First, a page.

An advocate for the homeless acknowledged Wednesday that the city of Roseburg isn’t likely to approve a homeless camp at Willis Park, though she said she’s happy the proposal grabbed attention.
Jeri Benedetto of Occupy Roseburg floated the idea after the city decided to sell the park along with the 139-year-old Willis House, the former City Hall, in the 700 block of Southeast Rose Street.
Even before then, Mayor Larry Rich and some councilors criticized Occupy Roseburg’s proposal to establish a downtown homeless camp. Downtown merchant Renee Clavell last week started circulating a petition opposing a camp anywhere.
Benedetto said Willis Park was always a long shot, but the proposal “did what I had hoped it would do, which was bring attention to the issue.
“I knew it was too close to downtown, and the reality is it’s not a big enough area for what we want to do, but (the) City Council kind of opened it up when they said they couldn’t take care of the place anymore, and a bunch of us thought, ‘We would take care of it.’”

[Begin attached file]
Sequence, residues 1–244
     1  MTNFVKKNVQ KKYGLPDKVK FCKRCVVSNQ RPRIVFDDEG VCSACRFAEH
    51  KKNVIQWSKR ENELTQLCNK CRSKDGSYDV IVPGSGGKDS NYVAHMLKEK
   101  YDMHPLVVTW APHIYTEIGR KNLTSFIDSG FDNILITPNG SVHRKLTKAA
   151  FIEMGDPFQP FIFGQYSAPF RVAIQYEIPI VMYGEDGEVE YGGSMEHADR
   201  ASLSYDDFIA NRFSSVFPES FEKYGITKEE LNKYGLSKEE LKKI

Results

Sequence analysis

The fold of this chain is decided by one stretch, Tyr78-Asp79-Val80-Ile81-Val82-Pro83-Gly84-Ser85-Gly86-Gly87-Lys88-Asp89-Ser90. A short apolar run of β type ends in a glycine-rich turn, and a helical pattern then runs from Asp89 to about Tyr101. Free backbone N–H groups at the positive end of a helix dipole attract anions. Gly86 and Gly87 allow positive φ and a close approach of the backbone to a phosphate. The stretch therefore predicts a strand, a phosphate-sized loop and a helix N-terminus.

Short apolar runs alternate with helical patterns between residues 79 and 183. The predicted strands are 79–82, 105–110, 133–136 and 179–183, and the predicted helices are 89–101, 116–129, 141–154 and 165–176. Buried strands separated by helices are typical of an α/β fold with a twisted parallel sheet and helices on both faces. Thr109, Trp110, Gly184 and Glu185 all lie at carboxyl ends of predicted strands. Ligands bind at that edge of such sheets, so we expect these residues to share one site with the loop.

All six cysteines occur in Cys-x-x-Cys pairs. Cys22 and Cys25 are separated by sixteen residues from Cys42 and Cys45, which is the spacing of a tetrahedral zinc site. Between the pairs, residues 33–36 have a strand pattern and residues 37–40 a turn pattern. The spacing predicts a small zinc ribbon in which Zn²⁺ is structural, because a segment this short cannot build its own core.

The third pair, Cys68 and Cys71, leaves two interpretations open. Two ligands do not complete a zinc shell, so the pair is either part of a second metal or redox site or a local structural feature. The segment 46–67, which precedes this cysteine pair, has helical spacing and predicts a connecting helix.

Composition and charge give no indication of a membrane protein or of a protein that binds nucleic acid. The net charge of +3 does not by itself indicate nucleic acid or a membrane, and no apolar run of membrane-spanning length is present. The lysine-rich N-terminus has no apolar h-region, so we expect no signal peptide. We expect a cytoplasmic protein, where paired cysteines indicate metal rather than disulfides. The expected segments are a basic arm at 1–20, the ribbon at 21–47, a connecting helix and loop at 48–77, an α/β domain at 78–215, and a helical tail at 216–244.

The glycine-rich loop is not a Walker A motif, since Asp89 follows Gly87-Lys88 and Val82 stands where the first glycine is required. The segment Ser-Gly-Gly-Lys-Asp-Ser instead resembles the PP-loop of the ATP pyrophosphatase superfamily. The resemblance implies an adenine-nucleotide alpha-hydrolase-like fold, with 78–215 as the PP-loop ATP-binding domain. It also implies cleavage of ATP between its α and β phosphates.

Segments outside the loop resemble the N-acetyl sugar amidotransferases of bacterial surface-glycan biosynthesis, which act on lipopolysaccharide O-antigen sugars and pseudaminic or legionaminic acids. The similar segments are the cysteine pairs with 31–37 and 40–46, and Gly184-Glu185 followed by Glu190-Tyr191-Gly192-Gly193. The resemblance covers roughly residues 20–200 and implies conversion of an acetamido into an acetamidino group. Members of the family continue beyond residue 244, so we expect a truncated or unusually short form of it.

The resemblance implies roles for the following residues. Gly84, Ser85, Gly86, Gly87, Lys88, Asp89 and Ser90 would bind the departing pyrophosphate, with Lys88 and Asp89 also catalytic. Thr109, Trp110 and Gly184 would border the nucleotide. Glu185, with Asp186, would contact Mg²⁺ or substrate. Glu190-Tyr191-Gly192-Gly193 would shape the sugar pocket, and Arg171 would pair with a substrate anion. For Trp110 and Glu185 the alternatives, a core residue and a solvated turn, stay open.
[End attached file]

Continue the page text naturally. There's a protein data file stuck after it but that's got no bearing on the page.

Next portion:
Benedetto said Occupy Roseburg is scouting for other places for a camp, but hasn’t identified any other possible sites.
She said she was not surprised to hear that a petition against a camp was circulating.
“I knew that this was going to be an uphill battle. We all did,” Benedetto said. “There’s going to be opposition, I realize that. I just hope that making this happen and having it be a reality will convince some of those folks who have a slightly incorrect view of what kind of people make up the homeless population, and I don’t know how else to do it but show them.”
Clavell, owner of Occasionally Yours Party Rentals on Jackson Street, said Tuesday more than 100 people signed her “Just say NO Homeless Camp” petition within the first two hours. More than 130 people have since signed. Most who signed are downtown residents and merchants and many offered to collect signatures, she said.
The petition asks the City Council to not endorse a camp in or around the city.
“While I am a downtown business and property owner, I am also a resident homeowner in Roseburg who cares a great deal about the environment of the community that my family and I live in,” Clavell said in an email. “And any occurrence that negatively impacts any part of a community negatively impacts an entire community.”
Clavell said she was concerned a homeless camp would cause health problems and more crime.
Clavell said homeless residents can find shelter at the Roseburg Rescue Mission.
“In most cases the homeless individuals simply do not want to abide by societal rules,” she said. “They want their vices and have made their choices, but they want others to pay for their consequences.”
•You can reach reporter Christina George at 541-957-4202 or at email@example.com.